SGJ: Just read George RR Martin's FEVRE DREAM, and it wholly blew me away. Like hitting I AM LEGEND for that first time. Cut my teeth on L'Amour and Jordan and King, and still like them all three, of course. Really dig Clive Barker's stuff. I think Neal Stephenson's maybe the best scene-writer we've got right now, the same way David Foster Wallace can render dialogue in a way nobody else really can. But then there's Vonnegut, and Philip K Dick. They're probably my two idols. Well, they're the only two I can't read while I'm writing, because they absolutely shut me up. Make me feel worthless, wholly inferior, untalented, all that fun. But, man, there's so many. Erdrich. She knows dramatic irony like a playwright knows it, but is able to do it in prose, and John Barth: his stuff's always felt so vital to me. Like, the way it moves from here to there: those are natural movements for me. They make sense, are beyond question. But I could go on and on here. just caught myself looking over at my shelf, for the 400 writers I'm surely neglecting (of whom Robert Coover'd be one--his GHOST TOWN, at least). Okay, okay: Whitley Strieber. For some reason his stuff has always gone right to the center of me. Him and Robert McCammon. Then I really dig Joe Lansdale too. [and then he made his ass stop typing]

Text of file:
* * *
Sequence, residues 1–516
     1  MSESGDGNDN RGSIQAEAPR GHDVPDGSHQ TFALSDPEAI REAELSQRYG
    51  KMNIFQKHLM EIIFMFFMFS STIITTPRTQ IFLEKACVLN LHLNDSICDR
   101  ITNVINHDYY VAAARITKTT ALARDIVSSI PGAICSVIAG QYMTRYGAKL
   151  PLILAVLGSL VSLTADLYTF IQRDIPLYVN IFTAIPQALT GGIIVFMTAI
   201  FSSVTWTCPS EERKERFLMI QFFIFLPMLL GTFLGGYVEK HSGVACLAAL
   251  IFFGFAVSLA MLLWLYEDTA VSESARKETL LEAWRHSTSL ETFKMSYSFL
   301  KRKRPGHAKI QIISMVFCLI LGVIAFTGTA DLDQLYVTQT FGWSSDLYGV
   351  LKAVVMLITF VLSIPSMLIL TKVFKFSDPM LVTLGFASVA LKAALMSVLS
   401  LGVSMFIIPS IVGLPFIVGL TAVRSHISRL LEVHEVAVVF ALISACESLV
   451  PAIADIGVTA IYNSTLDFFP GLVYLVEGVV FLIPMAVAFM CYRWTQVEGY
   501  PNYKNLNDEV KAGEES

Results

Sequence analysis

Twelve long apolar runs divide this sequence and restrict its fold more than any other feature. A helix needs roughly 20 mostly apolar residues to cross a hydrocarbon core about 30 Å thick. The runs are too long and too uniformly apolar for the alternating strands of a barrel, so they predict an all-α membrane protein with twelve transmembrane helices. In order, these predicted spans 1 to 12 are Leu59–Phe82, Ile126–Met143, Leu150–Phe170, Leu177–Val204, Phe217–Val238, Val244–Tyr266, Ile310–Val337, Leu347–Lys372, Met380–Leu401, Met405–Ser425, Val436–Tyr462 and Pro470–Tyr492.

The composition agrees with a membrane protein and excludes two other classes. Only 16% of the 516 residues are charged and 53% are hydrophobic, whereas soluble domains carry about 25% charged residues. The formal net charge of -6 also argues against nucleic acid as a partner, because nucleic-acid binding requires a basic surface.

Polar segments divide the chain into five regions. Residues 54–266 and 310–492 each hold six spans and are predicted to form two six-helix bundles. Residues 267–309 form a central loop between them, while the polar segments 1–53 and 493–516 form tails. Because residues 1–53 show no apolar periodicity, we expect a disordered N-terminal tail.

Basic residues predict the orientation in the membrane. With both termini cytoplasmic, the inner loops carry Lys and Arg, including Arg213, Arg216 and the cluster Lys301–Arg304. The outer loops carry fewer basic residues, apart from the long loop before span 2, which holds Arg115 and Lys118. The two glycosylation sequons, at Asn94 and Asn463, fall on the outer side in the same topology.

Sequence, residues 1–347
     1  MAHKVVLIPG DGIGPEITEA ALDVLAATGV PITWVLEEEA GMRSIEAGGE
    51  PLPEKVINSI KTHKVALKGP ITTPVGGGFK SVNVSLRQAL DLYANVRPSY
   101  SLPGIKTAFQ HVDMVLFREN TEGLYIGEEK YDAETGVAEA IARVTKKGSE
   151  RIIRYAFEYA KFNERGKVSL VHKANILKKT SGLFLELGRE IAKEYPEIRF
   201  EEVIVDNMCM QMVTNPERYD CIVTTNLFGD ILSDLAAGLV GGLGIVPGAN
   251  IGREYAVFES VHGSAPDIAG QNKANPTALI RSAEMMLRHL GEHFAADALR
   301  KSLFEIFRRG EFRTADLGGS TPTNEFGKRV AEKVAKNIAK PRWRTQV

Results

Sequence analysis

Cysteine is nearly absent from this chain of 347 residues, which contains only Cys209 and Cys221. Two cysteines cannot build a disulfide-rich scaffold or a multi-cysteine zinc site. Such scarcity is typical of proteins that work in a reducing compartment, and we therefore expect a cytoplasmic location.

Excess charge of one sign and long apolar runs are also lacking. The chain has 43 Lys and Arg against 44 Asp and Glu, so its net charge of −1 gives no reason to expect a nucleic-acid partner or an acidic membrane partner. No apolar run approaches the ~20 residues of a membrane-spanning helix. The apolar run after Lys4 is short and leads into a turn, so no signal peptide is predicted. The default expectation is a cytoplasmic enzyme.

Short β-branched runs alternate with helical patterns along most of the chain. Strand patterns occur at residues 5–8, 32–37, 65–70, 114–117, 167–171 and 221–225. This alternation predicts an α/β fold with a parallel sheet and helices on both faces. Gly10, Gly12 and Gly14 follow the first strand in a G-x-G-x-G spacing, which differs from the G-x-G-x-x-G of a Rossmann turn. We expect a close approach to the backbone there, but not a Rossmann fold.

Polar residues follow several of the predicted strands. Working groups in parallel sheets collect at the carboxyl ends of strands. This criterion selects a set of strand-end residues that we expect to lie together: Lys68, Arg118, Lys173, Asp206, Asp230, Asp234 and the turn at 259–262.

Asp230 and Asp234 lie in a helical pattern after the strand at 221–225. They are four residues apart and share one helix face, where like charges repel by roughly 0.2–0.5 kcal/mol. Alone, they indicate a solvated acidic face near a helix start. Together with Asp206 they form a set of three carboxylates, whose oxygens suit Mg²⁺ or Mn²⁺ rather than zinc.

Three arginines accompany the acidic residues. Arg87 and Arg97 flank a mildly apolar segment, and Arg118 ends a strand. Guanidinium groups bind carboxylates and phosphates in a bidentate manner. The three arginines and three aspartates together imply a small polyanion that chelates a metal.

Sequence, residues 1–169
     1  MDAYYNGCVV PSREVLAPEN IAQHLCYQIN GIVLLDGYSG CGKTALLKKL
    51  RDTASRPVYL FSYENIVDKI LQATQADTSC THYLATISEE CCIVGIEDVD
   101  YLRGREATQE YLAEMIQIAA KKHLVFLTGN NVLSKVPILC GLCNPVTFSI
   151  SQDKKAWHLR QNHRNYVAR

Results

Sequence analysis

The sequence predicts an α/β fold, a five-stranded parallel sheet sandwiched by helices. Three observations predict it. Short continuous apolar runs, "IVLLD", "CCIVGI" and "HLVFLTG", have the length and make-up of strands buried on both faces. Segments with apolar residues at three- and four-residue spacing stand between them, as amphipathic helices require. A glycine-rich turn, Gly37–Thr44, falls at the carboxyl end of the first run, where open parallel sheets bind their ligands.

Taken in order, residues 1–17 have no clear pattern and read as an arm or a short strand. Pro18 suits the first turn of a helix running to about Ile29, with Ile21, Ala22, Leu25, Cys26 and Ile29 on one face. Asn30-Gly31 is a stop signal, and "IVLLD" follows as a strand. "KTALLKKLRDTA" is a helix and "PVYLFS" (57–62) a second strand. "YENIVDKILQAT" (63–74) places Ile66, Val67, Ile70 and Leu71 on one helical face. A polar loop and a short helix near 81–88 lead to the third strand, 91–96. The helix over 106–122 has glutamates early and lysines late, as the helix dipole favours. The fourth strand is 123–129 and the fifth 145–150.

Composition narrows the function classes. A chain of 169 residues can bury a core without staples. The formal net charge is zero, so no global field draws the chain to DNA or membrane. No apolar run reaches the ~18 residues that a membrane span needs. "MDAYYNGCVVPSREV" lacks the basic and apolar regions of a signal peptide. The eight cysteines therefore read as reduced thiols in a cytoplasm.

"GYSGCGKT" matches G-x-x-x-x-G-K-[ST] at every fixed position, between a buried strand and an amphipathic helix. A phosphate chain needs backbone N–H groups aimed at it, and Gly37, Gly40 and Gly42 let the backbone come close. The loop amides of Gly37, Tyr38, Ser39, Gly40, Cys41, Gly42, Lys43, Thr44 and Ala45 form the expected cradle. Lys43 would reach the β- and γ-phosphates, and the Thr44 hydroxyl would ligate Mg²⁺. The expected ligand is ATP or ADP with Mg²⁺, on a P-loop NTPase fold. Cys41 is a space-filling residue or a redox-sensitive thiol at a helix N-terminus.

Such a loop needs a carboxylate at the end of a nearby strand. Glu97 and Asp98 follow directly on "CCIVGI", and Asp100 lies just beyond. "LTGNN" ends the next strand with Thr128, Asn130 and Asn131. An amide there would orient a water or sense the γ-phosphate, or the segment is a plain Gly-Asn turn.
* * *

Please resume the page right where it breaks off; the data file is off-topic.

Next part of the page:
RH: Since The Cult is Palahniuk-minded, how do you feel about his body of work?

SGJ: Very impressed. Even that old piece of INVISIBLE MONSTERS, I think it was, that Dennis posted in the Grab Bag a while back: even pre-fame, the guy was writing some solid stuff. Like, with some writers you can feel them showing off their craft. With him, it feels like the story's always pushing through him, and what he's trying frenetically to do is to shape it into words, make it where we can understand it. He's changed the landscape of fiction too, I think.

RH: How so?

SGJ: Was afraid you were going to ask that, and I was going to have to articulate. If I had to put the feeling into words - and, I am a writer, I suppose - it's like he's given voice to a whole swath of people, of stories, that were just slushing around before he got on the scene. Probably the best I can say it.

RH: That you don't have to be pretty and proper and polite to tell stories?

SGJ: Yeah. But the voice he uses too. It's just somehow right. Like, one of those modes or whatever that you wonder why people hadn't already been doing it, because it was so obviously good and proper.

RH: You're a teacher, correct? What do you teach?